[Pre-RFC] expose llvm's stack intrinsics


#1

#Proposal Expose stacksave and stackrestore and create a custom intrinsic stackalloc that directly forwards to an alloca. Implementation and unit test at https://github.com/rust-lang/rust/pull/26059 #Motivation I would like to be able to test out storing arrays with a size only known at runtime (VLA) on the stack. Also I want to test out owned Unsized types on the stack (a StackBox<T: ?Sized> that can’t be moved). This could be done directly in the compiler by allowing such types in normal let statements, but I believe there are too many open questions to even write this out as an rfc. I want to be able to try this out in a library and play around with it to have evidence to support a more complex proposal in the future. #Alternatives

Compiler-support for stack allocated objects

Doing the stacksave -> alloca -> stackrestore inside the compiler directly instead of going through library types. This has a few advantages like the possibility to move such an allocation outside of a loop and probably many others.

use a global arena instead

Can be done in a lib. Basically a second stack for DST. We can invent entire new optimizations for this.

Does this have any disadvantages?

#Drawbacks

  • Modifying trans and typeck without using the changes in rustc
  • stack analysis becomes hard

#2

Would this go toward allowing DST variables?

Because if it did, that would be four different kinds of awesome (I checked).


#3

It would allow studying the effects of DST variables without adding too much pain in the compiler. I don’t think it’s the way it should be in the end, since the compiler must be able to reason about DST types. But we’ll see what the future brings.


#4

What are the benefits of this feature? Are there any actual performance or otherwise improvements that have been measured? I’ve always been against dynamic stack usage because it destroys all hope at easy stack analysis if it’s used.


#5

That’s what I want to evaluate. I could always fork rustc but it’ll be hard to show my implementations to others if they have to build a custom rustc branch or need to run an untrusted executable that i upload.

Also this is necessary for easily writing real time applications written in rust, since you can’t compute a wcet for a heap allocation. A stack allocation is always exactly one pointer addition or an abort.


#6

If you’re accepting stack overflow, you might as well just have a global arena that you use instead of actually using the stack.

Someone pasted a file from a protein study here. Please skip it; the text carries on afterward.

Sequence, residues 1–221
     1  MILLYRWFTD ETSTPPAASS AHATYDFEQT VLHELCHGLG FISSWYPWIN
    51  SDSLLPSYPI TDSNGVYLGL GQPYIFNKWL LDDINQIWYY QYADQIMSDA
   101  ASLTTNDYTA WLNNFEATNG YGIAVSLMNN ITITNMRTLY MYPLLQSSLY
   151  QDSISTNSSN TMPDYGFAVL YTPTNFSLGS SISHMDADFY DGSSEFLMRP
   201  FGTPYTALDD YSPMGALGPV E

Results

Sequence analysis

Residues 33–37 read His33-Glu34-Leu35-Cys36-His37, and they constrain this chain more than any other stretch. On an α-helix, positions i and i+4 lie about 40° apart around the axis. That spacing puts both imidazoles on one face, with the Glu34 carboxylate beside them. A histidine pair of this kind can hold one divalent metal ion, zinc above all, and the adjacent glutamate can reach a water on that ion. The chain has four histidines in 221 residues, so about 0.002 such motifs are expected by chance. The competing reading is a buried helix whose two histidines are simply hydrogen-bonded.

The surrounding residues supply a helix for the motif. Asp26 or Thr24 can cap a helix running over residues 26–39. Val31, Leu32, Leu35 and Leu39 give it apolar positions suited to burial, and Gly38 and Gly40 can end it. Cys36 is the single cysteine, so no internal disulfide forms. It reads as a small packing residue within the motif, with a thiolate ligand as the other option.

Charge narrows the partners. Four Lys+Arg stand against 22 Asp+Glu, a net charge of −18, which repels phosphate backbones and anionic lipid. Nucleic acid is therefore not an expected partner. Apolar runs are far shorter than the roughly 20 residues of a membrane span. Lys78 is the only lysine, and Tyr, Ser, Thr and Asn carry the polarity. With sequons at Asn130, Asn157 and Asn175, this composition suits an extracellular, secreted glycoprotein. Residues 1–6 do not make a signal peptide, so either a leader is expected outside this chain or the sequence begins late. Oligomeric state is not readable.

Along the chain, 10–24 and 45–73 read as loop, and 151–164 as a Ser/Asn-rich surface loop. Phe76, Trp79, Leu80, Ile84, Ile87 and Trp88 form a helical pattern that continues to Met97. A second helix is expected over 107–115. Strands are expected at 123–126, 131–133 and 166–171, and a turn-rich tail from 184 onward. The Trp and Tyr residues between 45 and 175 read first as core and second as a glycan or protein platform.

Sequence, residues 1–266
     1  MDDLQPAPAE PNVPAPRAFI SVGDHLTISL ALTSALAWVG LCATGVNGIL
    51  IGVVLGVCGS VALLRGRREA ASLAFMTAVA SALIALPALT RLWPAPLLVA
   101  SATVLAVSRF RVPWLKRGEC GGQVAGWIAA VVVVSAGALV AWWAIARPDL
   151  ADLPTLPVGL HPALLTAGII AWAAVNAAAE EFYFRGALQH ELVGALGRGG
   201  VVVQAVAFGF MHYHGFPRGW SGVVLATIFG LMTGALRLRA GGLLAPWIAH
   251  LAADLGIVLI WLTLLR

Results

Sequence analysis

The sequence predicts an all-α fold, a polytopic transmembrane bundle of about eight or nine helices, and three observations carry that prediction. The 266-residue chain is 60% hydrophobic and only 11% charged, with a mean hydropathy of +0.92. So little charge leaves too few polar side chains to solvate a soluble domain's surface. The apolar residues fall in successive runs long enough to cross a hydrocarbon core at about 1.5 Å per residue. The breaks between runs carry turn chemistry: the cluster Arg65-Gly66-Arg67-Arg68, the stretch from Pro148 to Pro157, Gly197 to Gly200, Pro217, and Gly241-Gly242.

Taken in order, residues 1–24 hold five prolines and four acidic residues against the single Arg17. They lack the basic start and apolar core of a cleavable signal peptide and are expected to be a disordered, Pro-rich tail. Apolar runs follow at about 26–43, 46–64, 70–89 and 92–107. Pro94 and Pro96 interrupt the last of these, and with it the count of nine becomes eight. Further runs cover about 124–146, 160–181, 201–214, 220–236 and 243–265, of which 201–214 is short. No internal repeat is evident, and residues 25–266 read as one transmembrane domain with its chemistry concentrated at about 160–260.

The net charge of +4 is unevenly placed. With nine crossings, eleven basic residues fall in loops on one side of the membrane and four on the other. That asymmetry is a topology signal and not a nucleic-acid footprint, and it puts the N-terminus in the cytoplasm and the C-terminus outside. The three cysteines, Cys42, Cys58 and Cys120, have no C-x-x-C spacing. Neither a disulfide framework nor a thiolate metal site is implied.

#7

Edited first post to reflect your idea. If noone finds a disadvantage of this, i’ll create a crate for a DST-Stack and add a closed note to the topic


#8

Disadvantages of the alternative:

  • slower - you need to do a TLS lookup rather than just subtracting the stack pointer - plus quite a bit more work if you want to be able to resize the arena rather than having a fixed limit like the stack

  • adds a fair bit of complexity in embedded/low-level environments where, e.g., TLS might not even work, unused space in the arena is likely to always take up real RAM, allocation (i.e. to resize the arena) can’t be done anywhere because it could fail, and code size may be important

On the flipside, as @cmr mentioned, allocating dynamically sized objects on the stack is usually a bad idea anyway (especially in embedded where stacks are typically smaller and often unguarded), so maybe it doesn’t matter.


#9

As an additional downside, you now have another region of memory to move in/out of cache instead of using the stack which is already very likely to be in cache (at least if you’re accessing memory near the stack pointer)


#10

Yea, I’d stay with fixed size, otherwise there’s no gain over the heap, it’s basically a second stack.

Not really sure what you mean. The only difference between Stack-pointer and DST-Stack-Pointer would be that one has a dedicated register on many CPUs. I don’t see how TLS plays into this once you have the pointer.

While true, the second stack’s top will also very likely be in cache if you use it often…